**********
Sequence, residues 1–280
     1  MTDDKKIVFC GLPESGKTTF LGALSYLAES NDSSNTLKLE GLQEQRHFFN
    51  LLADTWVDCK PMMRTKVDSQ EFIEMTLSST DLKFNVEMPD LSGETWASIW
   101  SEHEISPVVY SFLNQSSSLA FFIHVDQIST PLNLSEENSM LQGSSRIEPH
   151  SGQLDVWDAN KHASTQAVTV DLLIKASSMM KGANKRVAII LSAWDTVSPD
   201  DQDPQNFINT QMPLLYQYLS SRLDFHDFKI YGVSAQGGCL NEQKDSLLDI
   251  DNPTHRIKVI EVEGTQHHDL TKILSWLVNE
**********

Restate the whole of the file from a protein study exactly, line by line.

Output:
Sequence, residues 1–280
     1  MTDDKKIVFC GLPESGKTTF LGALSYLAES NDSSNTLKLE GLQEQRHFFN
    51  LLADTWVDCK PMMRTKVDSQ EFIEMTLSST DLKFNVEMPD LSGETWASIW
   101  SEHEISPVVY SFLNQSSSLA FFIHVDQIST PLNLSEENSM LQGSSRIEPH
   151  SGQLDVWDAN KHASTQAVTV DLLIKASSMM KGANKRVAII LSAWDTVSPD
   201  DQDPQNFINT QMPLLYQYLS SRLDFHDFKI YGVSAQGGCL NEQKDSLLDI
   251  DNPTHRIKVI EVEGTQHHDL TKILSWLVNE